With surveys showing that more than 80% of UK businesses now have a wireless policy or a statement regarding the use of wireless equipment in place, you would think that it was a case of "job done." It would appear that we need panic no more, as UK business has grasped the message.
On closer scrutiny, however, it is clear that even among the 80%, corporate wireless users have only scratched the surface. Little, if any, provision is present for the important and increasing issues of wireless scanning, rogue hotspots, evil twins and drifting clients.
Perhaps the ever-shifting landscape of new threats, coupled with enhanced security features, bemuses those who are expected to keep both their systems and policies up to date. But could existing practices fall foul of current popular exploits?
Most businesses do not scan their perimeters regularly. This is, of course, essential to ensuring that a no wireless policy is policed effectively.
It is equally important to scan for new devices, rogue access points and drifting client cards who might choose to connect to networks nearby for a variety of reasons. Another major growing concern is the provision of visitor or guest access to wireless.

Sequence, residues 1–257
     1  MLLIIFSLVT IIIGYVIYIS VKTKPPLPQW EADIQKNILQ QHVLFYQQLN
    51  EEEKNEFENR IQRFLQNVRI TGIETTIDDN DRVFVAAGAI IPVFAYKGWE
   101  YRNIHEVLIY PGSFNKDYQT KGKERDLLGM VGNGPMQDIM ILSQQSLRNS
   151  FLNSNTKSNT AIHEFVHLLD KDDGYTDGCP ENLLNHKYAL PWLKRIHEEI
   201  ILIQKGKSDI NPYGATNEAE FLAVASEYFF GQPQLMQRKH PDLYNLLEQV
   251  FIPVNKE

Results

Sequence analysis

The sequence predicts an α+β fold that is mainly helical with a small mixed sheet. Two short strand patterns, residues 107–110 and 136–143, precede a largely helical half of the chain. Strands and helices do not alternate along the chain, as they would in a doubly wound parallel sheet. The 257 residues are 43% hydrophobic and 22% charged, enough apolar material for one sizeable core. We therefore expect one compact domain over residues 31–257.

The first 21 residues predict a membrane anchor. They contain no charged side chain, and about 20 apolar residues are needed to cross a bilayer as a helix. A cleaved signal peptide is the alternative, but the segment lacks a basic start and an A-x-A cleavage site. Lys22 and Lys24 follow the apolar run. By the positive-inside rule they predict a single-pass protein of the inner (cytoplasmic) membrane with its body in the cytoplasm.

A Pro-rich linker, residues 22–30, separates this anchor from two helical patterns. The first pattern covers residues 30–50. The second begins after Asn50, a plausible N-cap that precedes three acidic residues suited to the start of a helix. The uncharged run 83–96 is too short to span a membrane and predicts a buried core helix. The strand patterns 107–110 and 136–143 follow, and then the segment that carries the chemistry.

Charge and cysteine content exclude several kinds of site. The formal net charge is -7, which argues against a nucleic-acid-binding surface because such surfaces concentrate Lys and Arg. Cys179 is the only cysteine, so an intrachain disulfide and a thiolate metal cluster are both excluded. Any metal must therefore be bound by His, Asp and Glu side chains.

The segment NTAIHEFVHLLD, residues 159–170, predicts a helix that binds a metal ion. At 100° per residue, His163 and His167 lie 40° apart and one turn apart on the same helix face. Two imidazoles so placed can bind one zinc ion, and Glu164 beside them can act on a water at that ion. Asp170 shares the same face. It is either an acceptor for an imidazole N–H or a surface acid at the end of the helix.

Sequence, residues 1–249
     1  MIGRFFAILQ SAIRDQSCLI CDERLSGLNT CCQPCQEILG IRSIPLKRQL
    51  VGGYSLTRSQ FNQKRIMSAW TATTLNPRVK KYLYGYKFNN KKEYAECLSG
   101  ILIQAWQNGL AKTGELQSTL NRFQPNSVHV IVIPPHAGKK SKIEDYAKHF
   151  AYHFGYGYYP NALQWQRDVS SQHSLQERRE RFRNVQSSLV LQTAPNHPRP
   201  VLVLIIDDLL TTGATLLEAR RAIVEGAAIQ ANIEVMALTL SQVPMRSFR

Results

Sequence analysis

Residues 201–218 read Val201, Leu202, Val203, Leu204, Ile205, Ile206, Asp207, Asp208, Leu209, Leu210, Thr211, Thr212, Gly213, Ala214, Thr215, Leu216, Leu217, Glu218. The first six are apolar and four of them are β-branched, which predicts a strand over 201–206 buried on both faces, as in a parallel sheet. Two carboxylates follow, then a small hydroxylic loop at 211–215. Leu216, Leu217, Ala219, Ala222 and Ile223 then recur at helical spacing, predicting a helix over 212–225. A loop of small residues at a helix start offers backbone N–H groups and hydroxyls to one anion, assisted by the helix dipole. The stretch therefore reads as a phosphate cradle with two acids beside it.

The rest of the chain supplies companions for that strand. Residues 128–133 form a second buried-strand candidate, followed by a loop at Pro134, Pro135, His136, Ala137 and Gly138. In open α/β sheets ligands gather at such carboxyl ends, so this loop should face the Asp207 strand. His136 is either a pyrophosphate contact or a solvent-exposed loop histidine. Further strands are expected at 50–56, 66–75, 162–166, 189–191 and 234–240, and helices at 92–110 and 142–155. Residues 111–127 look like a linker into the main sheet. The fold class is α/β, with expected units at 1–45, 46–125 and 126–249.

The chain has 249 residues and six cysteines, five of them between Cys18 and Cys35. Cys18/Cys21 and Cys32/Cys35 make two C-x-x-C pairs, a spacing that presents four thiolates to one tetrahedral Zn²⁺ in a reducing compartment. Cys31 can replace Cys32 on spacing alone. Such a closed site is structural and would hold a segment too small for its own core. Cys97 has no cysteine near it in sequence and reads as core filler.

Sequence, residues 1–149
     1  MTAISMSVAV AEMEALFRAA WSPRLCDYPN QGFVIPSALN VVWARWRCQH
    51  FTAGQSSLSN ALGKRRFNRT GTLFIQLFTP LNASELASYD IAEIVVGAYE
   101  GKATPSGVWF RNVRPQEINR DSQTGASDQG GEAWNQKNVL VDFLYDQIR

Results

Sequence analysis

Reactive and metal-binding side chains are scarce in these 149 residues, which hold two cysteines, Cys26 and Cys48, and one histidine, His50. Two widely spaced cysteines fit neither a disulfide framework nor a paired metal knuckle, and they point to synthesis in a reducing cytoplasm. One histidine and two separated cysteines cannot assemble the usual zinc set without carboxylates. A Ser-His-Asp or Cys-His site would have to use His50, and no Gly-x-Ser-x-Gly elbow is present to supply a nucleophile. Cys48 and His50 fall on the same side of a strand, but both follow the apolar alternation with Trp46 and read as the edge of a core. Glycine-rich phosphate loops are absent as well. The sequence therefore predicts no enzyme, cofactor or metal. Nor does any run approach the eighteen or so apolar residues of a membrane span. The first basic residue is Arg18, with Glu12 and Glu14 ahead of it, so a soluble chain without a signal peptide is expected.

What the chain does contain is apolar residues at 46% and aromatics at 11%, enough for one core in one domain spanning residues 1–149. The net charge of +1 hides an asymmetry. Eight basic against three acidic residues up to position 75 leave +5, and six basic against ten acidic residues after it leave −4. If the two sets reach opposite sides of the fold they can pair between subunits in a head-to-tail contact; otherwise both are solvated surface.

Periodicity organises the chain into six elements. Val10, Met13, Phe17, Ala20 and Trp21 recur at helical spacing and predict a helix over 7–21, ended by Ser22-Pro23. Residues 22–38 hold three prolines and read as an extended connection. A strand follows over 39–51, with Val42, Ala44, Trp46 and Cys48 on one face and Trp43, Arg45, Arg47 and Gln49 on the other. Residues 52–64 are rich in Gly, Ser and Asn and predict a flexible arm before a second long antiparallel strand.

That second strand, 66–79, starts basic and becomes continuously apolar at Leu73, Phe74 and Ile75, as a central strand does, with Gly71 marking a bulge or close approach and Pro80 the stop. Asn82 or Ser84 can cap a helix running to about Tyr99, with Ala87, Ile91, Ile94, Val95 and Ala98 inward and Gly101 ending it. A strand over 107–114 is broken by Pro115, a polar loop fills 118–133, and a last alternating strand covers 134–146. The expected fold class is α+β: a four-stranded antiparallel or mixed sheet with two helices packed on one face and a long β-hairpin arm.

Corporate social responsibility arises when we consider the consequences of allowing users to be able to anonymously consume our corporate wireless networks. While this may feel "good and green" it is potentially open to extreme abuse.
Who is liable for misuse? Do you as a corporate wireless provider have a duty of care to ensure your network is not misused? With the exception of one or two high-profile cases containing obvious and unequivocal misuses of a system, there are not sufficient cases to provide a legal precedent in this area - especially when concerning the "accidental browser".
Evil twins have been publicised for more than a year, but even coverage on TV's "Real Hustle" has failed to penetrate the mainstream market, and so most public hotspots are vulnerable.
Technology is lagging here, with few solutions to counter such an attack. Most people have used a hotspot and many have supplied credit card details to purchase access time, but were we sure it was a real hotspot or could it have been someone's laptop nearby emulating one?
Later this year will see Wimax (802.16) spring into our lives on trial across a number of UK cities. This operates using different hardware and a variety of separate frequencies through Europe, and can generally be seen as wireless DSL to connect the many Wi-Fi access points into a wireless backbone.
Offering up to 70Mbits and up to 70 miles coverage (though this will vary wildly), Wimax is certainly set to introduce new challenges for our network communities.
One thing is certain: the last six years of wireless development have brought massive change to the way we use computers and the way in which they can be exploited. Experts have said that we could use the same principles to secure the technology, but I am not sure that this is true.
We have seen attacks the likes of which cannot be paralleled. The same principles would have to be of such a high level that they would not be relevant. The truth is we have to innovate and adapt to counter the new wireless threats.
Comment on this article: firstname.lastname@example.org
This was first published in May 2007